Mutated ATRX gene linked to brain tumors is also potential biomarker for rare adrenal tumors

Jan. 22, 2015

A somatic mutation in the ATRX gene has been shown as a potential molecular marker for aggressive brain tumors, such as gliomas, neuroblastomas and pancreatic neuroendocrine tumors. Now, for the first time, researchers at Penn's Abramson Cancer Center have found that the same mutated gene may serve as a much-needed biomarker for pheochromocytomas and paragangliomas (PCC/PGL) that become malignant. These rare neuroendocrine tumors are typically benign, but when they go rogue, they become very aggressive. The study was published online ahead of print in Nature Communications.

Several inherited mutated genes, such as VHL and RET, have been found to be associated with PCC/PGL; however, little is known about the somatic genetic changes leading to tumorigenesis in these patients.

PGLs are rare tumors of nerve ganglia in the body, whereas PCCs form in the center of the adrenal gland. Both are found in about two out of every million people each year. An even smaller percentage of those tumors become malignant. For that group, the five-year survival rate is about 50 percent.

No reliable predictors of aggressive disease exist other than an inherited mutation in the SDH gene, but only half of patients who develop metastatic disease carry that mutation, meaning the other half have no known predictors. About 60 percent of PCC/PGLs are sporadic, while 40 percent are hereditary. Most recurrent somatic mutations are observed almost exclusively in sporadic PCC/PGLs.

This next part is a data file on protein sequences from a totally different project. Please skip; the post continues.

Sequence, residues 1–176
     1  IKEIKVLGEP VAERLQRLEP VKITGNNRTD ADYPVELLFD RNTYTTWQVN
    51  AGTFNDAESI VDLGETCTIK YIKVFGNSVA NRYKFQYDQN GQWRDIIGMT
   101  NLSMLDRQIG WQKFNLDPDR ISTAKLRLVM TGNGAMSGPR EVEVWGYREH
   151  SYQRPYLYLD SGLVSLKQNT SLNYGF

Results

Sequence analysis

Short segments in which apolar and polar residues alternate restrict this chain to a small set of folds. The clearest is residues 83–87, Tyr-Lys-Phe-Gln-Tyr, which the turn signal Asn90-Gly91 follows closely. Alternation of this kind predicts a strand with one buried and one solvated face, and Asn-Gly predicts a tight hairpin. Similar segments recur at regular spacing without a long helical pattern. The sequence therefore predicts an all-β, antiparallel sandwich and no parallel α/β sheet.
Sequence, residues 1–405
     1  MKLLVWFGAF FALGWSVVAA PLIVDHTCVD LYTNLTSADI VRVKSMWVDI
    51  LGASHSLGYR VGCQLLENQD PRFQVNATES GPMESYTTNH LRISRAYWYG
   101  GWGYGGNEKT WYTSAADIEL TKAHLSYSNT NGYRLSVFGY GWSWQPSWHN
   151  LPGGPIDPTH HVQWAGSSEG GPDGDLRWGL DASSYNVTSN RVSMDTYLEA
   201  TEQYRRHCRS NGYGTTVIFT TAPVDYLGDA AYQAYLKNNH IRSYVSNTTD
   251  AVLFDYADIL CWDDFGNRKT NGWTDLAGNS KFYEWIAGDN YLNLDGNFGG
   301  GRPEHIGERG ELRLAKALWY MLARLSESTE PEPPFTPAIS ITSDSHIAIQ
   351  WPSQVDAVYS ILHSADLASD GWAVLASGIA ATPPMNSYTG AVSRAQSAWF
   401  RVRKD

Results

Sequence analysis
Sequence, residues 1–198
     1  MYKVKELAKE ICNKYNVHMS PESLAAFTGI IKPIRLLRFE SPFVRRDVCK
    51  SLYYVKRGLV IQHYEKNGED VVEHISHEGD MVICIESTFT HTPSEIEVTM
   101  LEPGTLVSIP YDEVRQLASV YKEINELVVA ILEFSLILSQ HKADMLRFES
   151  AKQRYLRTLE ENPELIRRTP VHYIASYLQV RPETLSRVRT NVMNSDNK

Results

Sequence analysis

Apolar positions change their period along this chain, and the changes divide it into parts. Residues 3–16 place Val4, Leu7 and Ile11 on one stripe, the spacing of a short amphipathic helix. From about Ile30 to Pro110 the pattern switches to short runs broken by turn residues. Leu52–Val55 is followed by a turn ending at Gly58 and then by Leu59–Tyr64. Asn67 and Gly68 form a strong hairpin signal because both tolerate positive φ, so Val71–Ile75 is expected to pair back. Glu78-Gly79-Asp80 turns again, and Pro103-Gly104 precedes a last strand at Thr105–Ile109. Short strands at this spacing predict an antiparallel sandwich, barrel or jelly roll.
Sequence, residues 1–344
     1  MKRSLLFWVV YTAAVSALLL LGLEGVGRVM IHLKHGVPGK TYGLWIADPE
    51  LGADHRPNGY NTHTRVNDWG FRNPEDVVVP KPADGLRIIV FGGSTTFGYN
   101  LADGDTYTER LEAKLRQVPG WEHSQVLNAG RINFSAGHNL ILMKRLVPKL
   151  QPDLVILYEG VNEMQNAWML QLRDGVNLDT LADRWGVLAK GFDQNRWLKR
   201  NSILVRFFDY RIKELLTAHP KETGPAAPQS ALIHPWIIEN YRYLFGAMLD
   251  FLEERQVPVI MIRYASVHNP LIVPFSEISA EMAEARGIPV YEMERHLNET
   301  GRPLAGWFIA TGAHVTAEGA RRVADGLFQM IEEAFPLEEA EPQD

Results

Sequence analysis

Researchers investigated the mutations using whole exome sequencing on a set of 21 tumor/matched germline DNA samples of either sporadic or inherited PCC/PGL. The idea was to compare benign tumors to clinically aggressive ones in order to spot markers of malignant potential.

Somatic ATRX mutations were identified in two of seven SDHB-associated tumors, the team reported. To determine the frequency of somatic ATRX mutations in PCC/PGL, the team sequenced the ATRX coding region in a separate set of 103 tumor samples. They found that 13 percent of tumors had ATRX mutations.

Read the article preview at the Nature Communications website